After our Thanksgiving trip I decided that I really need to read up on my camera and learn how to take different exposure shots.  If I wanted to get great pictures, I needed to put in the effort.  So I decided to buy a second book, Understanding Exposure by Bryan Peterson, to see what I could learn from him.  I absolutely love this book!   There is so much detail, tips and tricks, and pictures in it and he makes learning fun and exciting.  I’m a visual learner so I loved the fact that he would tell me how to take a specific shot, and then have pictures at the end of the chapter to give me an example of what he was talking about.  He also included the settings he’d use on his camera (as well as the lens) so you could try the exact same picture on your own.

Here are some of the pictures I took in January with his help:

Prince Charming's Regal Carousel
This is by far my favorite picture I have ever taken. I used a tripod for this long exposure shot and was able to get an incredibly unique picture of Prince Charming’s Regal Carousel.  The only thing I did in Photoshop was use a yellow filter to bring out the Carousel a bit more, other than that I didn’t have to do anything to improve the photo.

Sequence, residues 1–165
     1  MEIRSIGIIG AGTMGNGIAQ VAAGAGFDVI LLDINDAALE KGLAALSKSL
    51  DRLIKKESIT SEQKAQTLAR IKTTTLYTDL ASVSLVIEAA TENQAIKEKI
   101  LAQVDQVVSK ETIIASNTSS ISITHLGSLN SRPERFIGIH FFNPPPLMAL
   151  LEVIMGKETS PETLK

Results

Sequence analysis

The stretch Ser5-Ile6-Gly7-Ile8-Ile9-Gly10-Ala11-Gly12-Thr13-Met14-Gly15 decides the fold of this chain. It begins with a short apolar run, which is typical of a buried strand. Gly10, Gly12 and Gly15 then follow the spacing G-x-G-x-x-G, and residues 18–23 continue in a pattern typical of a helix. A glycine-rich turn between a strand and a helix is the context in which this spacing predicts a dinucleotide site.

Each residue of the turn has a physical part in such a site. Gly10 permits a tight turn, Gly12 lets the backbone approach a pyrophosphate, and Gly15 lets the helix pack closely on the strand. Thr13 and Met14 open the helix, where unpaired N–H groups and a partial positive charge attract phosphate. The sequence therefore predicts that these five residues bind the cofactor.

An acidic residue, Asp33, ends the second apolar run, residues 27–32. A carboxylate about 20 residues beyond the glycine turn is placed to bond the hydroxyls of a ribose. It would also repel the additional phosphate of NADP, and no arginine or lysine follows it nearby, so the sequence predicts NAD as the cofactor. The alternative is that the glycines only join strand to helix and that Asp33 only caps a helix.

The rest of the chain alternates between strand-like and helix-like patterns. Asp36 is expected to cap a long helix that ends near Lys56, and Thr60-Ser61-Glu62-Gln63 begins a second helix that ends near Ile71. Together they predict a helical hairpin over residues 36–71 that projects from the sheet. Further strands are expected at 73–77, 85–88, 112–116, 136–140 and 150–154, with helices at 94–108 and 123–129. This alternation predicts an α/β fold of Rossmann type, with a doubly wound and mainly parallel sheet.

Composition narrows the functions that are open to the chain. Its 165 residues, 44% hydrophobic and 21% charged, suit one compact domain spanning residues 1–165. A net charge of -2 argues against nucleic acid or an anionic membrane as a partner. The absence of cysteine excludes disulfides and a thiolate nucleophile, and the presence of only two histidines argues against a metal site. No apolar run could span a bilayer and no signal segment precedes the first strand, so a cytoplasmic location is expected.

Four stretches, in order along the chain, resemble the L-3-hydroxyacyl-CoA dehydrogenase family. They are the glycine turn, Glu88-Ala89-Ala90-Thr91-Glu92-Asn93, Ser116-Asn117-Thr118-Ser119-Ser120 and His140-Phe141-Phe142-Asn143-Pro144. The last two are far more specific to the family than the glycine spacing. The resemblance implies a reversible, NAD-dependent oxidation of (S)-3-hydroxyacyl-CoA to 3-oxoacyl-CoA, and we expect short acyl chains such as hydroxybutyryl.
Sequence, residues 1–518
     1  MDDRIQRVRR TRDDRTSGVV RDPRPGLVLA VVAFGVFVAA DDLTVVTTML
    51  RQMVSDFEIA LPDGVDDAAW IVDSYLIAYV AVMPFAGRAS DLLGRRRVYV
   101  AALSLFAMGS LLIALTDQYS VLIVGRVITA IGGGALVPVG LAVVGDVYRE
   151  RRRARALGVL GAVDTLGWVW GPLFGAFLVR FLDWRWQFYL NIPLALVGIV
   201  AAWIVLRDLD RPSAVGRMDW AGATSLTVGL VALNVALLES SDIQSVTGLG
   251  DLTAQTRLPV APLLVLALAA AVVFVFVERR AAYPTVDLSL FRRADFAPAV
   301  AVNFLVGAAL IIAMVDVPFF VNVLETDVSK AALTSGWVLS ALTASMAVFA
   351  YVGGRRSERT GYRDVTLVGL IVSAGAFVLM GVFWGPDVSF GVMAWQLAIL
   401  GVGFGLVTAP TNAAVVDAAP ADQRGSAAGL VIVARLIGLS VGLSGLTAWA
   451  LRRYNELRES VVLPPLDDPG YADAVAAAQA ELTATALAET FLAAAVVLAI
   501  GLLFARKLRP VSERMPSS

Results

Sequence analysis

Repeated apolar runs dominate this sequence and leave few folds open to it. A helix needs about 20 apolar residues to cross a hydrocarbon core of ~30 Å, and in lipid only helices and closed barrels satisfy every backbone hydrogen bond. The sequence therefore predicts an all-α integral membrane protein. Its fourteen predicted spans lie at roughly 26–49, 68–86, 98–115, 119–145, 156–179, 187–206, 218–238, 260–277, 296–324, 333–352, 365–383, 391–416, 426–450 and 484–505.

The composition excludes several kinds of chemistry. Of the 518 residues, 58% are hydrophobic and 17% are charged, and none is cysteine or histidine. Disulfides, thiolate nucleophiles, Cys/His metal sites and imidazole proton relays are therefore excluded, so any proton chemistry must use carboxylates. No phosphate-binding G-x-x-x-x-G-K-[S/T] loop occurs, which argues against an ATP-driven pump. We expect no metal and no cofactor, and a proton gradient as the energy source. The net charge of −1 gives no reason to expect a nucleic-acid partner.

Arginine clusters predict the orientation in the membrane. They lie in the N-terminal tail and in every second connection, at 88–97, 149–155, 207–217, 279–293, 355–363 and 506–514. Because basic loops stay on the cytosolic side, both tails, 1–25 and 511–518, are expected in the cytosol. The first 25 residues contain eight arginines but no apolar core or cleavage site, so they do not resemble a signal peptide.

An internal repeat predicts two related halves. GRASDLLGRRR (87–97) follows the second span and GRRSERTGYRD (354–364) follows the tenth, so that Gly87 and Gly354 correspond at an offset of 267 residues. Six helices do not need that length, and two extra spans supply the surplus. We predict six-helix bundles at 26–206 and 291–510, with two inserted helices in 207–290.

Lens: AF-S Nikkor 18-55mm (came with Camera)
f/stop: 8
shutter speed: 2
ISO: 800

Cinderella's Castle from the People Mover Ride
I had tried to get this shot the past two visits to the Magic Kingdom. The settings had to be just right to get this shot from the People Mover ride, and this time I was lucky enough to have everything just right!  In Photoshop, I used a green filter to bring out the trees (I wanted the Castle to be in the background) but did nothing else to enhance the photo.

Lens: AF-S Nikkor 18-55mm (came with Camera)
f/stop: 8
shutter speed: 1/160
ISO: 200

Looking at these pictures, I can definitely see  improvement from last November until now. Here are a few tried and true tips I’ve learned from my books that will get you on your way to taking great professional photos:

  • Use the sky to find out what exposure you should be using.  Something I learned from Understanding Exposure was to always point my camera up to the sky to set the exposure (just don’t point your lens directly at the sun!).  It’s a tried and true method that has yet to fail me.  You may have to adjust slightly when focusing on your subject, but not much.